Ty Montgomery, GB: I know I was derisive of Montgomery last year, but in spite of that, his current ranking (RB59, ADP – 100) is criminally low for a back that many viewed as a top 20 back last year before injuries derailed his season. While he remains an injury risk, a health Montgomery should resume his lead back role in 2018, especially in the passing game. It doesn’t hurt that he’ll be catching passes from the best QB in the game right now. If you need to add depth at the RB position, or punted on early round backs, Montgomery may help bail out a roster.

Marlon Mack, IND: While Mack was a trendy sleeper pick last year behind the aging Frank Gore, his performance over the season left a lot to be desired. In 16 games Mack garnered double digit touches only twice (in week 1 and week 8) otherwise he was an after thought in a terrible Colts offense. Now, he’s in line to be the lead back with Gore leaving for Miami, and the news that he’s fully recovered from surgery to repair a torn labrum he played the season with further cements his “sleeper” status in my mind. Even if Andrew Luck remains on the shelf, in the 8th round of drafts (ADP of 77th overall), Mack provides a solid floor while presenting plenty of upside.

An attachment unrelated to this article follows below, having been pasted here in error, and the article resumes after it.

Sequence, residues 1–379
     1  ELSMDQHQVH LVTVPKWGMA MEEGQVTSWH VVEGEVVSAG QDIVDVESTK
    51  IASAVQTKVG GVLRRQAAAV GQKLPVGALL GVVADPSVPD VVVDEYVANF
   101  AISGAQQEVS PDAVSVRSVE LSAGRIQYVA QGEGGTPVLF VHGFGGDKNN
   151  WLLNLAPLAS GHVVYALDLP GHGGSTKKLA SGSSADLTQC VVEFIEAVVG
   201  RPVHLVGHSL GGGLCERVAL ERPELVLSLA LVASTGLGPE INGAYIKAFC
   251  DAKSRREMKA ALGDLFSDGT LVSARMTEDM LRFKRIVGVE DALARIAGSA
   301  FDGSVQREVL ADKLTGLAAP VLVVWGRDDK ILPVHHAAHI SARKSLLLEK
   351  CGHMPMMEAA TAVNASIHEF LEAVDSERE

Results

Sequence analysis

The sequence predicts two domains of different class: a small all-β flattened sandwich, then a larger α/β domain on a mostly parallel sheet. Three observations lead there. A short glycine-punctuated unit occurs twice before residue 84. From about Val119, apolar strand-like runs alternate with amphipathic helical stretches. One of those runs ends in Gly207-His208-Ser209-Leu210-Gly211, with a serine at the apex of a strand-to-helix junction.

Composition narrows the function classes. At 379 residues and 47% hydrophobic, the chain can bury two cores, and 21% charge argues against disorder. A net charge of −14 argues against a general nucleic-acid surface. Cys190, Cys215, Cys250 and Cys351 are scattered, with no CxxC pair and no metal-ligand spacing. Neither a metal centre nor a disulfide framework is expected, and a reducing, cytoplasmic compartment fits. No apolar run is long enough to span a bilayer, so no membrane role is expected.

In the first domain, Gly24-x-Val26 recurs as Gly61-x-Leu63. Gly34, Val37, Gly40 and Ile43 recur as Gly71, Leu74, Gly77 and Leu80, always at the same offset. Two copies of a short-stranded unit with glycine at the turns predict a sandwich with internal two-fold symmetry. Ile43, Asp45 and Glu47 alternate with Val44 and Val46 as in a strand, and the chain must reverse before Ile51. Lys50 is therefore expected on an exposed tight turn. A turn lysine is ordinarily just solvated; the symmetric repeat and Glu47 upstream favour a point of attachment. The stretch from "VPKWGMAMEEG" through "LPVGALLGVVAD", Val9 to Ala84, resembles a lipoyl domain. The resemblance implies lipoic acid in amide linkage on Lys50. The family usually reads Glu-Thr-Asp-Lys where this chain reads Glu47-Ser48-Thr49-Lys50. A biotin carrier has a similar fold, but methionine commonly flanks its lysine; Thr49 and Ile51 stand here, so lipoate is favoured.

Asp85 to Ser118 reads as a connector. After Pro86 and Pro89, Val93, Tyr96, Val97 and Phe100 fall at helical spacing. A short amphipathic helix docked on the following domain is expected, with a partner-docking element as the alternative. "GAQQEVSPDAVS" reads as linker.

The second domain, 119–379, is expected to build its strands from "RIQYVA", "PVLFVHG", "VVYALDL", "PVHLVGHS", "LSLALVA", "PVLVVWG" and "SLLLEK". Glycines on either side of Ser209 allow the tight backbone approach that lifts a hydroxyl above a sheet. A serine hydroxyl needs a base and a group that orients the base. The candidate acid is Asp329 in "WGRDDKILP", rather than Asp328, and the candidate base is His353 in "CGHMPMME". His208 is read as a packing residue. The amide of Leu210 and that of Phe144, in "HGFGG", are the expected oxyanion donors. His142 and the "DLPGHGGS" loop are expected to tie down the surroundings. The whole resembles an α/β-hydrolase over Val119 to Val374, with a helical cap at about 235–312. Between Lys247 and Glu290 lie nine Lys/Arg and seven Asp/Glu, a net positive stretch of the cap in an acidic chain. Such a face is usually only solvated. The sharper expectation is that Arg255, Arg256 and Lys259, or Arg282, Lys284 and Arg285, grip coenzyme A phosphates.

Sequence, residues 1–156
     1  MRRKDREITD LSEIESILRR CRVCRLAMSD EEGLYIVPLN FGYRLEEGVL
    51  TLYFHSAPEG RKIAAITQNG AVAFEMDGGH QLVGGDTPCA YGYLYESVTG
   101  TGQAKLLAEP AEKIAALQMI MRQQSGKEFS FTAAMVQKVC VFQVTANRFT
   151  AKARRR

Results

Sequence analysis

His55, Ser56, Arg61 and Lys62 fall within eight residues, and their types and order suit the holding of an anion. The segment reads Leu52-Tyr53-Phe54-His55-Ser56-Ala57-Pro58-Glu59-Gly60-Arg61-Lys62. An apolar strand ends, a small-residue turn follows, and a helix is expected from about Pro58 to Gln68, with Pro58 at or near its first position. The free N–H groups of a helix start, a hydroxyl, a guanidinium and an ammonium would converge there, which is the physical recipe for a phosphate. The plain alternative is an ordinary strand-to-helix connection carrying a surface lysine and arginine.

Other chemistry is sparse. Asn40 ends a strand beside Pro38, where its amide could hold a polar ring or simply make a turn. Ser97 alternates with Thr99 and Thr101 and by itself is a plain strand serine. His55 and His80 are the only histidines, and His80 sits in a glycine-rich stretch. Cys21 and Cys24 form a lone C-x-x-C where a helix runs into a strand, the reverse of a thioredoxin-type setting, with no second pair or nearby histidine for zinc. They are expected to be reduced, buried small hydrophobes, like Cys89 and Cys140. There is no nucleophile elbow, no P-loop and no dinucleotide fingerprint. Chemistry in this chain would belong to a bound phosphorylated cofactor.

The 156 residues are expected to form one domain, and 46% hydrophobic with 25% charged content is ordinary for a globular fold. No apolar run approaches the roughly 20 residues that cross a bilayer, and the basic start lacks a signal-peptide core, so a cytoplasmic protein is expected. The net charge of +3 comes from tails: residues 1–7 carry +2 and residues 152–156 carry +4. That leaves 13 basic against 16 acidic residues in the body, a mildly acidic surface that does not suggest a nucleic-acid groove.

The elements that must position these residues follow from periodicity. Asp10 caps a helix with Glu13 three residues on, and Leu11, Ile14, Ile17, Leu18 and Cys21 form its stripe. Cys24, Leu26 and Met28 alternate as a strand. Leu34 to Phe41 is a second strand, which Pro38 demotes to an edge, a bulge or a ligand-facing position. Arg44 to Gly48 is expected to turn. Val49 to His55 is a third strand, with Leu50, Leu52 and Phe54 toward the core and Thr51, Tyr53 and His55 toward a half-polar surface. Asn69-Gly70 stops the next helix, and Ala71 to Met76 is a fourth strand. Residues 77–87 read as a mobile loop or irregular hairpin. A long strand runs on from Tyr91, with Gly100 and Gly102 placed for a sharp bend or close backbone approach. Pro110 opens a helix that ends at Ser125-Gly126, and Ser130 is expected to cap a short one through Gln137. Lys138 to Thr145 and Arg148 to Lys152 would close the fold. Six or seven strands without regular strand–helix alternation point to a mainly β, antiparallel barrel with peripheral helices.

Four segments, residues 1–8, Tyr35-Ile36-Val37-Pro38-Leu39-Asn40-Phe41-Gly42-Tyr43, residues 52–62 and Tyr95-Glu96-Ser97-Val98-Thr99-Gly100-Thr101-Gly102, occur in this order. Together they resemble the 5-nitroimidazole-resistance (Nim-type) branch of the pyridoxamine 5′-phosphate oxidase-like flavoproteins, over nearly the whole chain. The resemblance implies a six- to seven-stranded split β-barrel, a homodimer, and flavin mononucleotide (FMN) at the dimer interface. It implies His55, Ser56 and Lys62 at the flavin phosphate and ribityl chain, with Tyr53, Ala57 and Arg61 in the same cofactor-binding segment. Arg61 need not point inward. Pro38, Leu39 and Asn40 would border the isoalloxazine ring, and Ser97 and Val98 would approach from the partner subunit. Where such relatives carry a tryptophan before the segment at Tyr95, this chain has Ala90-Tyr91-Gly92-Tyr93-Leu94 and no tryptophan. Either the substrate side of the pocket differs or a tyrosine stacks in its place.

Wide Recievers:

Devante Parker, MIA: Last year, Parker was drafted with the expectation that he’d take a leap into the positions top 20; instead he was saddled with horrendous quarterback play and inconsistent targets following the season ending ACL injury suffered by Ryan Tannehill. While Tannehill doesn’t present much of an upgrade over Jay Cutler and co in terms of real football, he does have a great rapport with Parker. Coupled with a relatively easy schedule, an Parker is a steal at 104 overall.